SESSION TITLE: ILD Student/Resident Case Report Posters
SESSION TYPE: Medical Student/Resident Case Report
PRESENTED ON: Tuesday, October 28, 2014 at 01:30 PM - 02:30 PM
INTRODUCTION: Pulmonary alveolar proteinosis (PAP) is a diffuse lung disease characterized by the accumulation of amorphous, periodic acid-Schiff (PAS)-positive lipoproteinaceous material in the distal airspaces, with preserved lung architecture and no lung inflammation. Three forms of PAP are recognized: congenital, secondary, and acquired form. Patients with PAP, however, are at increased risk of opportunistic infections which usually follow the diagnosis of PAP. Here we present a case of PAP diagnosed after disseminated nocardiosis.
CASE PRESENTATION: The patient is 45 year old male with history of pleural nocardiosis. He was treated with moxifloxacin and bactrim for 6 months. Seven months later he presented with pulmonary and cerebellar relapse that needed craniotomy to relief high intracranial pressure, and started on amikacin, linezolid and bactrim according to culture and sensitivity results. Four months later he presented with worsening shortness of breath. CT scan showed diffuse lung infiltrates predominantly in the left mid lung zones and lung bases. These findings were not recognized in the previous imaging. Video-assisted thoracoscopy with lung biopsy were done. The biopsy revealed pulmonary alveolar proteinosis with no bacteria, no fungi, and negative cultures. Then the patient got Whole lung lavage, after which his symptoms improved significantly and he was weaned off oxygen.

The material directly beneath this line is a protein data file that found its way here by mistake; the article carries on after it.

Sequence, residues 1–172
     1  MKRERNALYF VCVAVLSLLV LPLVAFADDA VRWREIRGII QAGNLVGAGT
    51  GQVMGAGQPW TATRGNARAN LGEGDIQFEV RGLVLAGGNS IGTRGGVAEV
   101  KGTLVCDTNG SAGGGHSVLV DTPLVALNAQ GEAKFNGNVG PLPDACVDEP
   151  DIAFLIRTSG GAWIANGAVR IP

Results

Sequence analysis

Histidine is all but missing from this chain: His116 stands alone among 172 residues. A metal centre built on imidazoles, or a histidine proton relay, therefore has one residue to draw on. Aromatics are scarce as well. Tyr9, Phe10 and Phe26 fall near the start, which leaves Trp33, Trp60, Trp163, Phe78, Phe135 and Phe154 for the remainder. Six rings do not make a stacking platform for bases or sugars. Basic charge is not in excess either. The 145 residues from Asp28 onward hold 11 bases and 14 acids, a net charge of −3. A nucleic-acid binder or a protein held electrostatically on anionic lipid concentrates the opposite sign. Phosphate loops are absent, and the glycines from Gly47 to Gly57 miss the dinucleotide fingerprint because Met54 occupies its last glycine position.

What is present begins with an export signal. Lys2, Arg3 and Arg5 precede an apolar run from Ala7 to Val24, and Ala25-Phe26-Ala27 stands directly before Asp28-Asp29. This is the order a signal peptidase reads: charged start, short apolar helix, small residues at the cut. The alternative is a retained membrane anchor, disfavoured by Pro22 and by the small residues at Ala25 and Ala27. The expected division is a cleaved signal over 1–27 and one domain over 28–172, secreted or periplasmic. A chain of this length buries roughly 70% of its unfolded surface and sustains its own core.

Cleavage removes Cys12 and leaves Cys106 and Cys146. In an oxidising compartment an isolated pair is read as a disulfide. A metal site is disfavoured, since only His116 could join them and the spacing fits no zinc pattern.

DISCUSSION: The most common form of PAP is the acquired one due to malfunction of alveolar macrophages. This is result of granulocyte macrophage colony-stimulating factor (GM CSF) receptor autoantibodies, and accumulation of PAP materials which further impairs macrophages functions. These antibodies can be measured in the serum and bronchoalviolar lavage of patients and can inactivate normal macrophages. Literature review showed many opportunistic infections associated with PAP, at least 32 case of PAP were reported in patients with nocardiosis, sequentially or simultaneously , most of the times, however, the infection was preceded by PAP which raise the question: is it cause or consequence of opportunistic infections, and is PAP overlooked when infectious etiology is identified? Besides, many cases were cured by total lung lavage which also makes the autoimmune etiology questionable.
CONCLUSIONS: Patient who had nocardiosis is at risk of PAP. Further research is needed to fully understand PAP pathophysiology to help establish the treatment.
Reference #1: Uchida, K., et al., GM-CSF autoantibodies and neutrophil dysfunction in pulmonary alveolar proteinosis. New England Journal of Medicine, 2007. 356(6): p. 567-579.
Reference #2: Punatar, A.D., et al., Opportunistic infections in patients with pulmonary alveolar proteinosis. Journal of Infection, 2012. 65(2): p. 173-179.
DISCLOSURE: The following authors have nothing to disclose: Nibal Saad, Pornchai Leelasinjaroen, Eguakhide Inegbenebor
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